January 14, 1955
JOHN E. FINCKE, JR., BY HIS GUARDIAN, JOHN E. FINCKE AND JOHN E. FINCKE AND JANE B. FINCKE, HIS WIFE,
C. H. CHRICHLEY, APPELLANT
Appeal, No. 57, April T., 1954, from judgment of Court of Common Pleas of Allegheny County, October T., 1950, No. 3173, in case of John E. Fincke, Jr., by his guardian, John E. Fincke, and John E. Fincke et ux. v. C. H. Crichley. Judgment affirmed.
Harold E. McCamey, with him Joseph P. Fisher and Dickie, McCamey, Chilcote, Reif & Robinson, Pittsburgh, for appellant.
Fredric G.Weir, with him Oliver, Brandon & Shearer, Pittsburgh, for appellees.
Before Rhodes, P. J., Hirt, Ross, Gunther, Wright, Woodside and Ervin, JJ.
[ 177 Pa. Super. Page 61]
In a trespass action brought by the parents of a four year old boy for injuries received by him when struck by an automobile driven by the defendant the jury awarded the minor $5000 and the parents in their own right $2500. The parents of the minor proved hospital,
[ 177 Pa. Super. Page 62]
medical and other specific items of expense totaling $1376.
The sole question presented to us is whether the lower court erred in not reducing the $2500 verdict to $1376. We thing it did not.
The child suffered a fracture of the left thigh, a fracture of the left shoulder bone, a fracture of the
An orthopedic surgeon testified that he united the skull and a concussion of the brain, in addition to some minor injuries.
An orthopedic surgeon testified that he united the fractured bone of the child's leg by using a metal plate affixed to the severed portions of the bone by screws. He stated that he regarded the operation as successful and that the metal plate and screws should remain in place indefinitely and that the child had made a good recovery from a surgical point of view. He also stated, however, that the screws sometimes become loose in a case of this sort, causing irritation and possibly osteomyelitis, in either of which events further surgery is required.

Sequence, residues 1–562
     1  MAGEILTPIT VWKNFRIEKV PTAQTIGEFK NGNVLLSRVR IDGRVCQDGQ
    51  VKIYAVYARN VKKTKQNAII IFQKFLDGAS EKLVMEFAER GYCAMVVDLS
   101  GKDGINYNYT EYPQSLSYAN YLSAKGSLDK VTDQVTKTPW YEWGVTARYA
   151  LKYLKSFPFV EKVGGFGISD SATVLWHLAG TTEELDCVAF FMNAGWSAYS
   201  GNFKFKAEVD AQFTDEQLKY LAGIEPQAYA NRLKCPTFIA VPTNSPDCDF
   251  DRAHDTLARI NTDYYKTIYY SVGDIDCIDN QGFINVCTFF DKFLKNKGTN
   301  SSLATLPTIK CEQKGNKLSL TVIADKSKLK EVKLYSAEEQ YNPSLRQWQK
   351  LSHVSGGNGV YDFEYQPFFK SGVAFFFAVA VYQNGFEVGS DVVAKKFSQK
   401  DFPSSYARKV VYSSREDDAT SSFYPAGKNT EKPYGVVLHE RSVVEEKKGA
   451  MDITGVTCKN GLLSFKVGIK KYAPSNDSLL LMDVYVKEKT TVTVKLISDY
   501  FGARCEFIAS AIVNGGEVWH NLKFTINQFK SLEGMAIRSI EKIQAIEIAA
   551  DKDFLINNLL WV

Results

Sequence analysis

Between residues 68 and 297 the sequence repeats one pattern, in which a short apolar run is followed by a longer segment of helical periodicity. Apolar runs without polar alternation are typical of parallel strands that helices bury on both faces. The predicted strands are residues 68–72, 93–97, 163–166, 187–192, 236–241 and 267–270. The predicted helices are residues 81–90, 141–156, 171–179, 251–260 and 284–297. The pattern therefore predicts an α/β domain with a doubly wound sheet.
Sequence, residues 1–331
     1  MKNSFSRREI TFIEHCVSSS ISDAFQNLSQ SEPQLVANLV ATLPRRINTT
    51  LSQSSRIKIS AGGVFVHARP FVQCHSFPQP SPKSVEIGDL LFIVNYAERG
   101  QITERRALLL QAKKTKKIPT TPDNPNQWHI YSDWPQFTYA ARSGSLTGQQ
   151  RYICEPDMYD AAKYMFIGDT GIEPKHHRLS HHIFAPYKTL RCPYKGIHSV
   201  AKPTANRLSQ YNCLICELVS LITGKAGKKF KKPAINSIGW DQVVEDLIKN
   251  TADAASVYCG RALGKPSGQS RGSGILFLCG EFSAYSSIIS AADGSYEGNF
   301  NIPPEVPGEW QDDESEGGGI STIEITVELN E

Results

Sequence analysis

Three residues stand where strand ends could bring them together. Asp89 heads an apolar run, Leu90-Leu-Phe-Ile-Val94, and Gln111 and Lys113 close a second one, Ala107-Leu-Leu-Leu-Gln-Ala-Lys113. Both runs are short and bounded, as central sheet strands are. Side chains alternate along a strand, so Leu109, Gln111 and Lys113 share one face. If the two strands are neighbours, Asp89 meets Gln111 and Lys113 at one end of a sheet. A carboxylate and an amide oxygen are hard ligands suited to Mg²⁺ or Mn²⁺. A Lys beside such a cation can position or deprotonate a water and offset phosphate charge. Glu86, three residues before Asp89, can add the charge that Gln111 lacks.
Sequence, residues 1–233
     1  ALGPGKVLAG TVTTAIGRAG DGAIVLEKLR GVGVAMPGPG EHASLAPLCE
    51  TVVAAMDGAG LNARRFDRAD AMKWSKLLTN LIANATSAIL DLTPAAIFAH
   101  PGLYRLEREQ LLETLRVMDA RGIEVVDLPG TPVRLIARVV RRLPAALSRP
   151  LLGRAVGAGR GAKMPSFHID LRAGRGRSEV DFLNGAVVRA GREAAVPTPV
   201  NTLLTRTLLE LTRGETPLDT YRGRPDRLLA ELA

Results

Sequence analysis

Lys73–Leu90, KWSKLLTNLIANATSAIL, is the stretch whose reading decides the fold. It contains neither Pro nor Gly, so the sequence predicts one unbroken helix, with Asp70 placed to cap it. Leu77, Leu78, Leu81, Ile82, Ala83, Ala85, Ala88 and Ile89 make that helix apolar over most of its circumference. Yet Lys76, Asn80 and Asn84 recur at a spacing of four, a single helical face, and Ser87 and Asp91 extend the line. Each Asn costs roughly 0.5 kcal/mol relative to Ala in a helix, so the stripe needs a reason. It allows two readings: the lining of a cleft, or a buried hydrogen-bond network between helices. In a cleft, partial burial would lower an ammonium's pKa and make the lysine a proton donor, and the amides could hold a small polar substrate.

The mother of the child testified that he now walks with a slight limp.
A neurologist testifying with regard to the head injuries, stated that he saw the child for the first time on January 12, 1952, and at that time he made a diagnosis of post traumatic neurosis and post traumatic syndrome, including headaches, lack of attention, inability to retain and difficulty in concentration and recall. He further stated that he saw the child on four other occasions, the last time being April 13, 1954, about a month prior to trial, when he made the same diagnosis, and prescribed glutamic acid, which medication was still being taken by the child at the time of trial. He also testified that he was unable to give any estimate of the duration or future course of the syndrome or neurosis.
[ 177 Pa. Super. Page 63]
Thus at the time of the trial (3 years after the injury) the child was walking with a slight limp, and was suffering from post traumatic neurosis and post traumatic syndrome for which he was still being treated.
The amount of a verdict should be reduced by this court only where it is so grossly excessive that it shocks our sense of justice and indicates a clear abuse of discretion on the part of the court below. Dichiero et al. v. Pittsburgh Railways Company, 313 Pa. 93, 169 A. 82 (1933); Huey et vir v. Blue Ridge Transportation Co., 350 Pa. 488, 39 A.2d 602 (1944); Contillo et vir v. Pittsburgh, 158 Pa. Superior Ct. 524, 45 A.2d 366 (1946); Perzak v. Coulter, 171 Pa. Superior Ct. 475, 90 A.2d 256 (1952).
We find nothing in the record, which was brought before us under rule 41 of this court, to shock our sense of justice at the verdict of $2500. See Bourd et al. v. Berman, 359 Pa. 183, 58 A.2d 442 (1948).
Certainly under the circumstances the two verdicts together are not excessive. See Cook v. Miller Transport Co. Inc., 319 Pa. 85, 179 A. 429 (1935).
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